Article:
Norway’s plan to end FM radio kicks off today, as planned. The move will shift the country’s remaining national analog stations to Digital Audio Broadcasting by year’s end, part of a cost-saving measure for a small country with many natural obstacles that have proven expensive to bring signal to its five million residents.
The Norwegian government has moved ahead with the plan, citing the 70 percent of homes that currently have access to digital receivers. As critics of the plan have pointed out, however, two million-plus car listeners still lack the proper technology to receive digital broadcasts.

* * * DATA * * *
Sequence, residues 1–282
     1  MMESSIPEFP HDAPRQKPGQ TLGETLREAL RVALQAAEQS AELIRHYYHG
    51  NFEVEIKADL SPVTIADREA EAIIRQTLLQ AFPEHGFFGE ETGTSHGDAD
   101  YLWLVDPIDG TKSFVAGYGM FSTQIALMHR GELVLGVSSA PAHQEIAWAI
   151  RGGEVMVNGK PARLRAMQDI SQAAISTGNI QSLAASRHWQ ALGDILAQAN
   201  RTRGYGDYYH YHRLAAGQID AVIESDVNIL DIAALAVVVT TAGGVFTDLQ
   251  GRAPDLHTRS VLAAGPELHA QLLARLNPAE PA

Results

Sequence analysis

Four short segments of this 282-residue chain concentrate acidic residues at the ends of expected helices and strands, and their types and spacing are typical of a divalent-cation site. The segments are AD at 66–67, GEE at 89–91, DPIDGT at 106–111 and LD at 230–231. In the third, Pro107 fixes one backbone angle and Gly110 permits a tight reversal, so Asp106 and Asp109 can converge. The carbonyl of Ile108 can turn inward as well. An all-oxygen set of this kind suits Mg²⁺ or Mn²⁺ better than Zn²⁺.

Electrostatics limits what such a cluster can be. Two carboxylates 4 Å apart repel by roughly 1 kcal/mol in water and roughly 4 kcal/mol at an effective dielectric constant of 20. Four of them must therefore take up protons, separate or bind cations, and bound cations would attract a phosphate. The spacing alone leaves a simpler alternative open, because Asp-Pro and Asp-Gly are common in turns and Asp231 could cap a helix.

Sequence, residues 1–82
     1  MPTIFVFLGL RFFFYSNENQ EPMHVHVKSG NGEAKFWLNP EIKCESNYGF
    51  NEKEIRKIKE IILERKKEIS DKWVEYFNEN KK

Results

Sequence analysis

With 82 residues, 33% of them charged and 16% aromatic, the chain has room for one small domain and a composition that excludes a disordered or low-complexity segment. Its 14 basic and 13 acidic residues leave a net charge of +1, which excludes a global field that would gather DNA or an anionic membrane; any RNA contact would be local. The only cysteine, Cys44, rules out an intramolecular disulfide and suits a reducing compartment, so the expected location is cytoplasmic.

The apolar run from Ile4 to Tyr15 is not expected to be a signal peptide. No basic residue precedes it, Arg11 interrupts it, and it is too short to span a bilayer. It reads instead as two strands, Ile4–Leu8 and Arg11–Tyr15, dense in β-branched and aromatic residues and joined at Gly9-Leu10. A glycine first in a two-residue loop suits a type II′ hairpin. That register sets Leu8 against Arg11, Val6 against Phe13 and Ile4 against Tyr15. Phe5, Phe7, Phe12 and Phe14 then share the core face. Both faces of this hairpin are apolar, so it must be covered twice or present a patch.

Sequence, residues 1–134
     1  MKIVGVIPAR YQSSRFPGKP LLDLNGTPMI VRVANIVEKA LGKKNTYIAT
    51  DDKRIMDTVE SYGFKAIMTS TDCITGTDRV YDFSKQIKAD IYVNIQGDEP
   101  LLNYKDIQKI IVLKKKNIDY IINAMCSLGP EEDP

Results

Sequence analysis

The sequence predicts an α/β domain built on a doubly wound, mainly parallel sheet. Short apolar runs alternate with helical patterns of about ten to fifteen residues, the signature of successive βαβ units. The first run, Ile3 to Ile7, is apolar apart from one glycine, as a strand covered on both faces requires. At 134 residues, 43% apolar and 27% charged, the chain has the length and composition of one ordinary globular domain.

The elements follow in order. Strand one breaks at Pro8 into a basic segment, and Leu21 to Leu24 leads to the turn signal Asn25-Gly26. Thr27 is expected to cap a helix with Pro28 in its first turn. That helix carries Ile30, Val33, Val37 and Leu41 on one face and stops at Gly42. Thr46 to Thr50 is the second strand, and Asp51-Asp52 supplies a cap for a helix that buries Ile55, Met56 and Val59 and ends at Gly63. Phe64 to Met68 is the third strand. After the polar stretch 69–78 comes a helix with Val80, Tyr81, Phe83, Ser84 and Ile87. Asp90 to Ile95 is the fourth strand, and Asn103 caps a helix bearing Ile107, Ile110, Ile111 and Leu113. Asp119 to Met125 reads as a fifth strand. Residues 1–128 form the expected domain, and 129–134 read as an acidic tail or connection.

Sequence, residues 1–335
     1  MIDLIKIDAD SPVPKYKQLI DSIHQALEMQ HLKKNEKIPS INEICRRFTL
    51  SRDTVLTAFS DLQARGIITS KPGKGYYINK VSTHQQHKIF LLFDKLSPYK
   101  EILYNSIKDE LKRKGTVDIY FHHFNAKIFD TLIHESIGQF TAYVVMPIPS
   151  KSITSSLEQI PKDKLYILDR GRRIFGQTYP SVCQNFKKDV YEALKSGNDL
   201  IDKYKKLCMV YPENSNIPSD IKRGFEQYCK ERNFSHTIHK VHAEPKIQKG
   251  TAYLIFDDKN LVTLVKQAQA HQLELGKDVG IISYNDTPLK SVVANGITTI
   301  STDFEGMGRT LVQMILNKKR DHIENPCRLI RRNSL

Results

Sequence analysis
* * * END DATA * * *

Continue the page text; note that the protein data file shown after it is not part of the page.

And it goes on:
As The Guardian points out, that number is especially troubling given the heavy reliance upon radio traffic and other emergency reports, particularly during winter storms. The country has already phased out medium and long-range transmitters.
“Norway is not prepared for this,” a representative from the Norwegian Local Radio Association told the BBC. “There are millions of radios in homes, cottages and boats that won’t work anymore and only around 25 percent of cars in Norway have digital radios or adapters.”
The governmental cost savings would ultimately come at the expense of listeners, forced to spend $170 for an adapter or hundreds of dollars to replace their radio entirely. While national stations are expected to phase out FM entirely by the end of the year, local stations have a total of five years to make the move.